3. check that the spatial coupling of all orbitals matches that required for the system wavefunction. For a molecule exhibiting ${\displaystyle C_{\infty v}}$ or ${\displaystyle D_{\infty h}}$ this is achieved by a simple linear summation of the coupled ${\displaystyle \lambda }$ value for each orbital; for molecules whose nuclear framework transforms according to ${\displaystyle D_{2h}}$ symmetry, or one of its sub-groups, the group product table has to be used to find the product of the irreducible representation of all ${\displaystyle N}$ orbitals.
4. couple the total spins of the ${\displaystyle N}$ orbitals from left to right; this means we have to choose a fixed ${\displaystyle S_{z}}$ for each orbital.
5. test the final total spin and its z-projection against the values required for the system wavefunction

The above steps will need to be repeated many times to elucidate the total set of CSFs that can be derived from the ${\displaystyle N}$ electrons and ${\displaystyle M}$ orbitals.

Single Orbital configurations and wavefunctions

Basic quantum mechanics defines the possible single orbital wavefunctions. In a software implementation, these can be provided either as a table or through a set of logic statements. Alternatively group theory may be used to compute them. [5] Electrons in a single orbital are called equivalent electrons. [6] They obey the same coupling rules as other electrons but the Pauli exclusion principle makes certain couplings impossible. The Pauli exclusion principle requires that no two electrons in a system can have all their quantum numbers equal. For equivalent electrons, by definition the principal quantum number is identical. In atoms the angular momentum is also identical. So, for equivalent electrons the z components of spin and spatial parts, taken together, must differ.

The following table shows the possible couplings for a ${\displaystyle \sigma }$ orbital with one or two electrons.

Orbital Configuration Term symbol ${\displaystyle S_{z}}$ projection
${\displaystyle \sigma ^{1}}$ ${\displaystyle ^{2}\Sigma ^{+}}$ ${\displaystyle \;\;{\frac {1}{2}}}$
${\displaystyle \sigma ^{1}}$ ${\displaystyle ^{2}\Sigma ^{-}}$ ${\displaystyle -{\frac {1}{2}}}$
${\displaystyle \sigma ^{2}}$ ${\displaystyle ^{1}\Sigma ^{+}}$ ${\displaystyle 0}$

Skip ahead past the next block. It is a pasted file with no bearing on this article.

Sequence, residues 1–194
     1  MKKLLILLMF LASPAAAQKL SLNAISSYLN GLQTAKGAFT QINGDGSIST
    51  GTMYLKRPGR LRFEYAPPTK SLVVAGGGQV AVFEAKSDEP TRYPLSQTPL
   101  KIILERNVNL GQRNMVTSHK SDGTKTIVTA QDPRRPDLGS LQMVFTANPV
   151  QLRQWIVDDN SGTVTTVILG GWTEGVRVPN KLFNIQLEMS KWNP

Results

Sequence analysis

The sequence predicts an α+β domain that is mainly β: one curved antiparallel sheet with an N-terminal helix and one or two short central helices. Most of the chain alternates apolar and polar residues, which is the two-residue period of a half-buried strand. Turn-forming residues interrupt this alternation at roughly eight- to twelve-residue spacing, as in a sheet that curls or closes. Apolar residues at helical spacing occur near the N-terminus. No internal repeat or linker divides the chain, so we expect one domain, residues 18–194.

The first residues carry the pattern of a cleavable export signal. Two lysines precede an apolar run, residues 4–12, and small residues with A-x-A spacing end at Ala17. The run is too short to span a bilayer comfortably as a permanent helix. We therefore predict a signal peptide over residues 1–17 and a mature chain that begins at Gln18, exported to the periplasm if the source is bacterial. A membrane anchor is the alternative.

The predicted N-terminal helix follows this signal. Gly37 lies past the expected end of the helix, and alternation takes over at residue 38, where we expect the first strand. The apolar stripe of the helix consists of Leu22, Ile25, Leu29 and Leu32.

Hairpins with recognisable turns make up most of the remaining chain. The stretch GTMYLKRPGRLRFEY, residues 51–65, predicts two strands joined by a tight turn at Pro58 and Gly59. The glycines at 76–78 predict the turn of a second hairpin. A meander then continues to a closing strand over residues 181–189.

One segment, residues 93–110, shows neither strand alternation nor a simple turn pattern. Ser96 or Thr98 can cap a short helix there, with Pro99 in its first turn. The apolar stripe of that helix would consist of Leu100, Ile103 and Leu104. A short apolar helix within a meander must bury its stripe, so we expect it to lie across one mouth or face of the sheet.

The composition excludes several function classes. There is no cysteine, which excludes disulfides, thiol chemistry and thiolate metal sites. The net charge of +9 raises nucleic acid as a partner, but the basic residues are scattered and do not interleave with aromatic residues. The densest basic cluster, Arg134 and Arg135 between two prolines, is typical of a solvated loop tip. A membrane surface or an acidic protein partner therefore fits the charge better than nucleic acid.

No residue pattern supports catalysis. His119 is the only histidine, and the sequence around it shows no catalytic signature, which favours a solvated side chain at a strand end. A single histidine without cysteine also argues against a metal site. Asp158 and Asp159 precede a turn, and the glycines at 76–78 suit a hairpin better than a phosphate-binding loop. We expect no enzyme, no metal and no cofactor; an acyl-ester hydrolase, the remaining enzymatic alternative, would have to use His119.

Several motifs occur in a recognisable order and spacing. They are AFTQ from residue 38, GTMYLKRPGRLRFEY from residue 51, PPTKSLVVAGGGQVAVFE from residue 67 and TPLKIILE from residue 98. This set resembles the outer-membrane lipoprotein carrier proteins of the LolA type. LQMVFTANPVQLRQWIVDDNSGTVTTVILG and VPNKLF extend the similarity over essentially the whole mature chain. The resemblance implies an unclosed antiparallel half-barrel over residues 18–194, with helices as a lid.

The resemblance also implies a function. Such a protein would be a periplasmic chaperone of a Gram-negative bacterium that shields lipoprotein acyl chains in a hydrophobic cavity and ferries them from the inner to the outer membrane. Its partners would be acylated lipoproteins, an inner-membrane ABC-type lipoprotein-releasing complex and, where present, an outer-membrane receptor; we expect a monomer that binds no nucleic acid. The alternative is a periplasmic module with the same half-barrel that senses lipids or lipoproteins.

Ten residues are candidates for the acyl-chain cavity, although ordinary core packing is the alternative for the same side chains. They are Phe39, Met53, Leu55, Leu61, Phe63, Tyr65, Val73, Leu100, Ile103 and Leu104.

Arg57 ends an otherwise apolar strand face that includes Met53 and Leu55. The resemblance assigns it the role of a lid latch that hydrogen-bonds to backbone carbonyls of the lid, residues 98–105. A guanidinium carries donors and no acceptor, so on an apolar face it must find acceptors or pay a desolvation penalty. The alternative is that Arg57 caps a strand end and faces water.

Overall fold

The situation for orbitals in Abelian point groups mirrors the above table. The next table shows the fifteen possible couplings for a ${\displaystyle \pi }$ orbital. The ${\displaystyle \delta ,\phi ,\gamma ,\ldots }$ orbitals also each generate fifteen possible couplings, all of which can be easily inferred from this table.

Orbital Configuration Term symbol Lambda coupling ${\displaystyle S_{z}}$ projection
${\displaystyle \pi ^{1}}$ ${\displaystyle ^{2}\Pi }$ ${\displaystyle +1}$ ${\displaystyle {\frac {1}{2}}}$
${\displaystyle \pi ^{1}}$ ${\displaystyle ^{2}\Pi }$ ${\displaystyle +1}$ ${\displaystyle -{\frac {1}{2}}}$
${\displaystyle \pi ^{1}}$ ${\displaystyle ^{2}\Pi }$ ${\displaystyle -1}$ ${\displaystyle {\frac {1}{2}}}$
${\displaystyle \pi ^{1}}$ ${\displaystyle ^{2}\Pi }$ ${\displaystyle -1}$ ${\displaystyle -{\frac {1}{2}}}$
${\displaystyle \pi ^{2}}$ ${\displaystyle ^{3}\Sigma ^{-}}$ ${\displaystyle 0}$ ${\displaystyle +1}$
${\displaystyle \pi ^{2}}$ ${\displaystyle ^{3}\Sigma ^{-}}$ ${\displaystyle 0}$ ${\displaystyle 0}$
${\displaystyle \pi ^{2}}$ ${\displaystyle ^{3}\Sigma ^{-}}$ ${\displaystyle 0}$ ${\displaystyle -1}$
${\displaystyle \pi ^{2}}$ ${\displaystyle ^{1}\Delta }$ ${\displaystyle +2}$ ${\displaystyle 0}$
${\displaystyle \pi ^{2}}$ ${\displaystyle ^{1}\Delta }$ ${\displaystyle -2}$ ${\displaystyle 0}$
${\displaystyle \pi ^{2}}$ ${\displaystyle ^{1}\Sigma ^{+}}$ ${\displaystyle 0}$ ${\displaystyle 0}$
${\displaystyle \pi ^{3}}$ ${\displaystyle ^{2}\Pi }$ ${\displaystyle +1}$ ${\displaystyle {\frac {1}{2}}}$
${\displaystyle \pi ^{3}}$ ${\displaystyle ^{2}\Pi }$ ${\displaystyle +1}$ ${\displaystyle -{\frac {1}{2}}}$
${\displaystyle \pi ^{3}}$ ${\displaystyle ^{2}\Pi }$ ${\displaystyle -1}$ ${\displaystyle {\frac {1}{2}}}$
${\displaystyle \pi ^{3}}$ ${\displaystyle ^{2}\Pi }$ ${\displaystyle -1}$ ${\displaystyle -{\frac {1}{2}}}$
${\displaystyle \pi ^{4}}$ ${\displaystyle ^{1}\Sigma ^{+}}$ ${\displaystyle 0}$ ${\displaystyle 0}$

Similar tables can be constructed for atomic systems, which transform according to the point group of the sphere, that is for s, p, d, f ${\displaystyle \ldots }$ orbitals. The number of term symbols and therefore possible couplings is significantly larger in the atomic case.

Computer Software for CSF generation

Computer programs are readily available to generate CSFs for atoms[7] for molecules[8] and for electron and positron scattering by molecules.[9] A popular computational method for CSF construction is the Graphical Unitary Group Approach.

References

1. ^ Engel, T. (2006). Quantum Chemistry and Spectroscopy. Pearson PLC. ISBN 0-8053-3842-X.
2. ^ Pilar, F. L. (1990). Elementary Quantum Chemistry (2nd ed.). Dover Publications. ISBN 0-486-41464-7.
3. ^ Crossley, R. J. S. (1977). "On Löwdin's projection operators for angular momentum. I". International Journal of Quantum Chemistry. 11 (6): 917–929. doi:10.1002/qua.560110605.
4. ^ Nesbet, R. K. (2003). "Section 4.4". In Huo, W. M .; Gianturco, F. A. Variational principles and methods in theoretical physics and chemistry. Cambridge University Press. p. 49. ISBN 0-521-80391-8.
5. ^ Karayianis, N. (1965). "Atomic Term Symbols for Equivalent Electrons". J. Math. Phys. 6: 1204. Bibcode:1965JMP.....6.1204K. doi:10.1063/1.1704761.
6. ^ Wise, J.H. (1976). "Spectroscopic terms for equivalent electrons". J. Chem. Educ. 53 (8): 496. Bibcode:1976JChEd..53..496W. doi:10.1021/ed053p496.2.
7. ^ Sturesson, L.; Fischer, C. F. (1993). "LSGEN - a program to generate configuration-state lists of LS-coupled basis functions". Computer Physics Communications. 74 (3): 432–440. Bibcode:1993CoPhC..74..432S. doi:10.1016/0010-4655(93)90024-7.
8. ^ McLean, A. D.; et al. (1991). "ALCHEMY II, A Research Tool for Molecular Electronic Structure and Interactions". In Clementi, E. Modern Techniques in Computational Chemistry (MOTECC-91). ESCOM Science Publishers. ISBN 90-72199-10-3.
9. ^ Morgan, L. A.; Tennyson, J.; Gillan, C. J. (1998). "The UK molecular R-matrix codes". Computer Physics Communications. 114 (1–3): 120–128. Bibcode:1998CoPhC.114..120M. doi:10.1016/S0010-4655(98)00056-3.